By Clipper Ledgard
Most critical reasoning questions in the GMAT deal with arguments, a series of statements that lead to a conclusion. We use arguments to prove or rebut a claim; we want to persuade others that a statement, a plan, or a proposal is reasonable; we may also want to argue that a statement, a plan, or a proposal is unreasonable. In order to effectively argue for or against something, it must be very clear what our claim is. This clarity about the conclusion is also necessary to solve Critical Reasoning questions.
The most common question type in Critical Reasoning is a weaken question. In this type of argument, we must find a counter premise, that is, a premise that goes against the argument; therefore, it weakens the conclusion. However, how can we know whether the statement weakens the conclusion if we are not clear about what the conclusion is? Conversely, in support questions we must find a premise that goes for the argument: Applying the same reasoning as weaken question, we can ask how can we know whether the statement supports the conclusion without recognizing the conclusion?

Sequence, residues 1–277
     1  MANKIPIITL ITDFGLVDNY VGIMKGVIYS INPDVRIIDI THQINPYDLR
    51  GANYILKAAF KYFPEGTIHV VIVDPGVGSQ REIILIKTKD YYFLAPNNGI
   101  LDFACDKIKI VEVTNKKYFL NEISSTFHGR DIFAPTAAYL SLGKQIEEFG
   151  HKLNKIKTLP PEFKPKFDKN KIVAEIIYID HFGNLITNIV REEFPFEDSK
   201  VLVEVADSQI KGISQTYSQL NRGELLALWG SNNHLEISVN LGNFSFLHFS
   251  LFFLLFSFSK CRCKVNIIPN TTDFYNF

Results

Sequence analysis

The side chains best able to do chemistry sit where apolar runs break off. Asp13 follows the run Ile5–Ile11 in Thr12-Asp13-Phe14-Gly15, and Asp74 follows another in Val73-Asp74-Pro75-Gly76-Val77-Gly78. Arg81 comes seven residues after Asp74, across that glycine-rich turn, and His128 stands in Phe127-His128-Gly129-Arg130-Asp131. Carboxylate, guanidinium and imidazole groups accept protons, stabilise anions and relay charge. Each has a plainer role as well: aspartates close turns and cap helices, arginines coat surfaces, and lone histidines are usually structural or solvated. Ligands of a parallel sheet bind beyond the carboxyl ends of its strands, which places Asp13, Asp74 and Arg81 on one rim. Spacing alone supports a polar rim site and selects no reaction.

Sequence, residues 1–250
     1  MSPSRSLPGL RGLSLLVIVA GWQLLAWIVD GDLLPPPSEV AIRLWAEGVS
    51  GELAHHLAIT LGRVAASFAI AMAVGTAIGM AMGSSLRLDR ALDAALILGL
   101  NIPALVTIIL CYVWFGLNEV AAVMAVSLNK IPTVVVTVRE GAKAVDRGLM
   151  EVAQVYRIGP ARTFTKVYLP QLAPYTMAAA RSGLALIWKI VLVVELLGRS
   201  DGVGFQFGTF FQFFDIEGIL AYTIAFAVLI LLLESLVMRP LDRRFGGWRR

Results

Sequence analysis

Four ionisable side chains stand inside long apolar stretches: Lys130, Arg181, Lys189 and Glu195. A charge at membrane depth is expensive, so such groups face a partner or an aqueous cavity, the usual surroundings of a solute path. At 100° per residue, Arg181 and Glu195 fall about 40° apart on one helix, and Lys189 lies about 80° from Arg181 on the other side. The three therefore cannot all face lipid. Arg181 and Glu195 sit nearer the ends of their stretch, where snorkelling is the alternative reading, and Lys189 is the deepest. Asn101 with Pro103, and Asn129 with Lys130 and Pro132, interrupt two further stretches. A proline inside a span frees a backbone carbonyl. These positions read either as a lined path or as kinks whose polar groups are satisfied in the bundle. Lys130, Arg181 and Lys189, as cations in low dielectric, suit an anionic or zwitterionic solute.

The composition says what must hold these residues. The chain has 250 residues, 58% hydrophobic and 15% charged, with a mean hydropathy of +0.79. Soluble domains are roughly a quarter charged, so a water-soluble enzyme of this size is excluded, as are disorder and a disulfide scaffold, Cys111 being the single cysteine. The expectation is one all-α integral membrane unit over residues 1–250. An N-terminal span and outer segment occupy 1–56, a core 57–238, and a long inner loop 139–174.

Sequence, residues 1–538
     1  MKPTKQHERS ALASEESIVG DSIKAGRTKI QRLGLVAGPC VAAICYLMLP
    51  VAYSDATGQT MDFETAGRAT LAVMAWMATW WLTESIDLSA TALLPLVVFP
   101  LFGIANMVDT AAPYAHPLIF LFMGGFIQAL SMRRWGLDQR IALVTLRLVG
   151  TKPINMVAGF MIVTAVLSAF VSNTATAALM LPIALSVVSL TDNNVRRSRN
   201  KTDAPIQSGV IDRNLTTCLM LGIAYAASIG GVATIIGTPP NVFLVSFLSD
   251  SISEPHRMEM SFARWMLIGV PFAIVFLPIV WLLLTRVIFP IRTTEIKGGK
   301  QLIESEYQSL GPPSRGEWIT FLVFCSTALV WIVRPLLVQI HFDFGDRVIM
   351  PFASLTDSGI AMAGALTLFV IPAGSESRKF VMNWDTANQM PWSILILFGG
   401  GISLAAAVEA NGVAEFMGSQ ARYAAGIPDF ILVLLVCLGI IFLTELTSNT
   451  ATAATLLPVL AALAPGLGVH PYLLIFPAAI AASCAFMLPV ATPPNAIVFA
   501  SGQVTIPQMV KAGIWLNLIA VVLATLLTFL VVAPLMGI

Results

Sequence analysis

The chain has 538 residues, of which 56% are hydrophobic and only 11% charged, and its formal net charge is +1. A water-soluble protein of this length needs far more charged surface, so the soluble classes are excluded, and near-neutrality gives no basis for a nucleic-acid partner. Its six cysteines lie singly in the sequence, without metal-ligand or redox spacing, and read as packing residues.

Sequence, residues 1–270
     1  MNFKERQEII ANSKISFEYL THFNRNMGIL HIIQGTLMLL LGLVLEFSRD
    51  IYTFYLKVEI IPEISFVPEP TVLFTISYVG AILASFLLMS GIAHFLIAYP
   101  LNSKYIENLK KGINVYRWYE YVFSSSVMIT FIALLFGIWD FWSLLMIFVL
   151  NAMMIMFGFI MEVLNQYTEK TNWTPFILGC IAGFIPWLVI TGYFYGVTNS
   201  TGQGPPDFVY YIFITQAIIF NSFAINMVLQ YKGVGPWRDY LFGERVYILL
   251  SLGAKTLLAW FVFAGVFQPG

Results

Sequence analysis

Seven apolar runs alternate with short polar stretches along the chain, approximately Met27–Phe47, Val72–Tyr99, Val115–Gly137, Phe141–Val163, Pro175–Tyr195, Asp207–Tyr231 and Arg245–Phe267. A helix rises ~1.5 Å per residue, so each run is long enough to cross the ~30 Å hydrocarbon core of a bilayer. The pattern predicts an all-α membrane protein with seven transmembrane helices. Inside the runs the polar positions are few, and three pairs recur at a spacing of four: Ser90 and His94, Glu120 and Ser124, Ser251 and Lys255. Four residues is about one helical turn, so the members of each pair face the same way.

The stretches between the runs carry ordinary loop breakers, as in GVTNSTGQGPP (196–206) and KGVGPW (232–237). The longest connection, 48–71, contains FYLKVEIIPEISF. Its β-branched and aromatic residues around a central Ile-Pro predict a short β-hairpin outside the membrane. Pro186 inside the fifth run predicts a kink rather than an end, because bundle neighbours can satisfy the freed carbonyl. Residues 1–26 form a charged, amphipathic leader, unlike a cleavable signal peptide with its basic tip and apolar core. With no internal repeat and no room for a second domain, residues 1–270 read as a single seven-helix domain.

We can reason similarly for other question types. We must clearly understand the conclusion in order to find the assumption or the flaw in the argument; likewise, we must know the conclusion to evaluate the validity of the argument. It is also essential to understand the conclusion in structure question types, such as reasoning and boldface questions.
Some Critical Reasoning questions, such as inference questions, may not have conclusions. In this case they are not arguments. Nevertheless, to solve these questions we must deduct something and, thus, conclude something.
The most common wrong choices in Critical Reasoning are Out of Scope and Irrelevant answers. For example, a Support Question may conclude that the most efficient medicine for an ailment is a new pill. An Out of Scope answer may show that the price of the pill is low or that it is easily available. These answers my support the use of the pill, but do not support the conclusion that the pill is the most efficient medicine.
Failing to identify the conclusion or misinterpreting it is one of the most common problems that GMAT students have. However, we can use some strategies to identify the conclusion: the THEREFORE test is one. Yet, to avoid misinterpretation, practicing and drilling is a must.